Polar ice cover as of yesterday. Source: Univ. of Illinois Polar Research Group

On Tuesday, scientists reported another Manhattan-Island-sized chunk broke off an Ice Shelf on Ellesmere Island in the Canadian Arctic.

a University of Illinois site allows you to bring the out-of-sight/out-of-mind Arctic to your desktop. If you want to track the day-by-day status of the Arctic ice cap, and compare it to past years, go here. The images, from the Illinois Polar Research Group, track Arctic ice coverage day by day back to 1979. See for yourself, and let us know what you think.

Also - more tomorrow on our parade of hurricanes across the Atlantic: Hanna looks to have uncertain potential for East Coast damage; Josephine hopefully will remain a mid-Atlantic storm and not reach land; but Ike could be a big one for the Gulf of Mexico.

Peter Dykstra Executive Producer CNN Science, Tech & Weather

Filed under: climate change • environment • hurricanes • meteorology • Oceans • Severe weather • Weather

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September 2, 2008

'Conga Line' of storms across the Atlantic

Posted: 01:30 PM ET

Just like the dance-hall Conga Lines of the 1950's and earlier, tropical systems are lining up across the Atlantic and headed this way. Let's take a look one-by-one.

As Gustav fades, Hanna, Ike, and Josephine line up to potentially take aim at the US or Caribbean.

As Gustav fades, Hanna, Ike, and Josephine line up to potentially take aim at the US or Caribbean.

Gustav roared through the Gulf Coast, missing a worst-case scenario in New Orleans but causing plenty of damage elsewhere: coastal damage is spread all through Cajun country, and the Mississippi Coast. Heavy rains will continue, and many Louisianans may be without electric power for a week or more.

New Orleans Mayor Ray Nagin tagged the approaching Gustav as the "Mother of All Storms." Nagin, roundly criticized during Katrina as were his state and federal counterparts, effectively frightened his city into a successful evacuation.  In fact, emergency managers on all levels erred on the side of caution rather than repeat the sad blunders of Katrina. And, of course, the levees didn't fail. The bottom line was a measure of reassurance for New Orleans. Whether it was well-placed is another matter.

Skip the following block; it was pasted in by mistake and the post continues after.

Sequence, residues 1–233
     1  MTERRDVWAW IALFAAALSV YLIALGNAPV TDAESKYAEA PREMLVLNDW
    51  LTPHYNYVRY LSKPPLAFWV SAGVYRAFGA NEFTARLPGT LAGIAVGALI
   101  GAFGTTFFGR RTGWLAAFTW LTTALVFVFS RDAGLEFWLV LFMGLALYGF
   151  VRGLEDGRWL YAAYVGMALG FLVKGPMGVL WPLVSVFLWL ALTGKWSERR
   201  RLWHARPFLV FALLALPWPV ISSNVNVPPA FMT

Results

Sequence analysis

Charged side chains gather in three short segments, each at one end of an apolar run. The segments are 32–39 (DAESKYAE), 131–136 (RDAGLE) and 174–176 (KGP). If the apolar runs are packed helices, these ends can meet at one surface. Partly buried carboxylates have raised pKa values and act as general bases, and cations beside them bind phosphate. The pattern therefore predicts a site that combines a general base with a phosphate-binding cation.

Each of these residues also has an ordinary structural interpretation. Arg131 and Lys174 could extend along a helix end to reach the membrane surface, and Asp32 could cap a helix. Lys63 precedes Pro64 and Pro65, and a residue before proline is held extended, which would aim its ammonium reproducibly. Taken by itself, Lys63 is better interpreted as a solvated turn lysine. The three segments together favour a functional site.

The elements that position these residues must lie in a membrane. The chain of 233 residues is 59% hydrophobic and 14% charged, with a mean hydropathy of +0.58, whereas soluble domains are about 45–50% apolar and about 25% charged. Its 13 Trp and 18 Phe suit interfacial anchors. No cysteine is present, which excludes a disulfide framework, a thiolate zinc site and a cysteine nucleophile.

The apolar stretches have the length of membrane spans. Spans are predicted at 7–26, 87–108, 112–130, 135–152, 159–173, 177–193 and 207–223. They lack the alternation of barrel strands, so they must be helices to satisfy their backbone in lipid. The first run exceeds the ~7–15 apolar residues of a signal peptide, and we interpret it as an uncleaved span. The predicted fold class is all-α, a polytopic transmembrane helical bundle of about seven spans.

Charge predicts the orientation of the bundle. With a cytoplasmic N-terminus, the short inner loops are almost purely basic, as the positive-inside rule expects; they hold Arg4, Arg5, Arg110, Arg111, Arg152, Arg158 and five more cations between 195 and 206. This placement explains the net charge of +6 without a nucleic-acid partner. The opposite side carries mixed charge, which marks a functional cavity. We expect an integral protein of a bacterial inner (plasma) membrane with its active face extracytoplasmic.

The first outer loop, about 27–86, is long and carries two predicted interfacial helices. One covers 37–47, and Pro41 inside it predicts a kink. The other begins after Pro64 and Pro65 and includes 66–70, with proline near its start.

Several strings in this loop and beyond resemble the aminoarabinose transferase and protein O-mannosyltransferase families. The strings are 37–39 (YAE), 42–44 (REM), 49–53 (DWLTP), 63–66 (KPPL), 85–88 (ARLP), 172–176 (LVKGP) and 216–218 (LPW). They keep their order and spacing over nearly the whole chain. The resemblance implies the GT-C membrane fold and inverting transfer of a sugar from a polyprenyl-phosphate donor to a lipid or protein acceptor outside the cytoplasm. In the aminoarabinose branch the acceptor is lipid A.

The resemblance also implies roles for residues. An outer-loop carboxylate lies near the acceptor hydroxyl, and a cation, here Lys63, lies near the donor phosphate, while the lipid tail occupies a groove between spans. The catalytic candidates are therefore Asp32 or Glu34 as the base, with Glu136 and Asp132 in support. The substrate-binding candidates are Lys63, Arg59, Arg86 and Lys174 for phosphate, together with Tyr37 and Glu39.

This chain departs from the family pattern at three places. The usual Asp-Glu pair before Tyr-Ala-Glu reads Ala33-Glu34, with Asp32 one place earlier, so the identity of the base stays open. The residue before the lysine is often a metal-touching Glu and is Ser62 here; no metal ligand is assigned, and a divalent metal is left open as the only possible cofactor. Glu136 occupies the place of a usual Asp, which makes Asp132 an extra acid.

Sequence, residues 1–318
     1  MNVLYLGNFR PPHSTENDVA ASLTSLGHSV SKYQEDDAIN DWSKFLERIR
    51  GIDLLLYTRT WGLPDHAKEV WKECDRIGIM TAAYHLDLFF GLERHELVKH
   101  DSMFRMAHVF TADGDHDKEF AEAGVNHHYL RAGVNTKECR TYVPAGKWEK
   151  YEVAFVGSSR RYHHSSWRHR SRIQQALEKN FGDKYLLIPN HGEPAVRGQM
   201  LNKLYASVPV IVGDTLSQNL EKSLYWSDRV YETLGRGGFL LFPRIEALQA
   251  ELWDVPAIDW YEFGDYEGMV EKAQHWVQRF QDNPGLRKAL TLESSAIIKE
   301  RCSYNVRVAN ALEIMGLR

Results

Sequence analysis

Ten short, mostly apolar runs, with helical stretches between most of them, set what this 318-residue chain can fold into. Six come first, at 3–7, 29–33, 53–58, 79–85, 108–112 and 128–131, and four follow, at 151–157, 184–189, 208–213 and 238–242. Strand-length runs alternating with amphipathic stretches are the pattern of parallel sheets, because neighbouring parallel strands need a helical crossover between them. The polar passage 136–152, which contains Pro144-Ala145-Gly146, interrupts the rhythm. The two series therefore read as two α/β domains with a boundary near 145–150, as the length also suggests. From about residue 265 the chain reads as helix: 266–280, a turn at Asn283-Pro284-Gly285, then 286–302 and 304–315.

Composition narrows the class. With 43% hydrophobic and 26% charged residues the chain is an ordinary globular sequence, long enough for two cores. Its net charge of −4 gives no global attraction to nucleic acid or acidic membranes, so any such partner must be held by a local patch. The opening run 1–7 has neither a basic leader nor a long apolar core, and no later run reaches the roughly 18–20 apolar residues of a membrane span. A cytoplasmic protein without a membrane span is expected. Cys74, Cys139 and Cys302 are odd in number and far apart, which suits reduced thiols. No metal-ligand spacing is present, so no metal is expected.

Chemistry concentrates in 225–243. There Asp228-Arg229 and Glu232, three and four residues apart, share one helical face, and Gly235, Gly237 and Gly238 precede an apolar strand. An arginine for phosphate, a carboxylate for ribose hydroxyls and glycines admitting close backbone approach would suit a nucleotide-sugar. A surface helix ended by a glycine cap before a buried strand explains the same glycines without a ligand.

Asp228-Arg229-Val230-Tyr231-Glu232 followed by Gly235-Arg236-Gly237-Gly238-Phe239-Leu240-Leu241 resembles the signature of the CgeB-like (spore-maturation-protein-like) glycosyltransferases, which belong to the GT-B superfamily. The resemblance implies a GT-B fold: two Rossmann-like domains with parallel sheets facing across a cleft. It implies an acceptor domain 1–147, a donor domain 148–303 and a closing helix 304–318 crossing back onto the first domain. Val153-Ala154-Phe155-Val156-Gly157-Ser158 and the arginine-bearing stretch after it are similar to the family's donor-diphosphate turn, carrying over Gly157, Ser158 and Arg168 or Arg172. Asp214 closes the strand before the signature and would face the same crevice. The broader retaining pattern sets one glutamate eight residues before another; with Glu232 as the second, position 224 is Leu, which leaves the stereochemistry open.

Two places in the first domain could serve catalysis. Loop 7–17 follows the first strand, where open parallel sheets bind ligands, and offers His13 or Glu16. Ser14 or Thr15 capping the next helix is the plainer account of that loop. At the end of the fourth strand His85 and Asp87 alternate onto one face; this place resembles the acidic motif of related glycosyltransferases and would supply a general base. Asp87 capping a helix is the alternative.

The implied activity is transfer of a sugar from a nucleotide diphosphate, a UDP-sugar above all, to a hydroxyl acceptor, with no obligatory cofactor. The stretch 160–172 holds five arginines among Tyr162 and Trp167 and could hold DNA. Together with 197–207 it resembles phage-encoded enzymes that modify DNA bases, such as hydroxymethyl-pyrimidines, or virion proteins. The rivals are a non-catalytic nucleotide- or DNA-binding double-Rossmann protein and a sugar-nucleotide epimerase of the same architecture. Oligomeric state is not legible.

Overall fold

It's important to bear in mind that neither Gustav nor Katrina brought full fury to New Orleans. Katrina was a Category Three storm when it passed to the east of the city, forcing a wall of water into New Orleans and the Mississippi Coast. Gustav was a Cat Two when it passed far to the west of the city, which was barely on the fringe of hurricane-force winds. Tide gauges measured about a five-foot surge in Lake Ponchartrain yesterday. So the real bottom line may be that a bigger test still awaits the engineers, leaders, and people of New Orleans.

Next up is Hanna, forecast to be a weak hurricane making a U.S landfall Friday, possibly at or near Savannah, Georgia. It's been 110 years since Savannah took a direct hit, the longest lucky streak of any major coastal U.S. city in the hurricane zone. Hanna is now bringing heavy rain to Haiti (as of midday Tuesday).

After that, Ike. While it's too soon to give any definitive forecast for the tropical storm, it could be headed to the Gulf of Mexico, according to several long-range models.

Today the National Hurricane Center named a new one: Josephine, forming as a tropical storm off the African coast, could cross the ocean to threaten in 7 to 10 days.

Peter Dykstra Executive Producer CNN Science, Tech & Weather

Filed under: hurricanes • Weather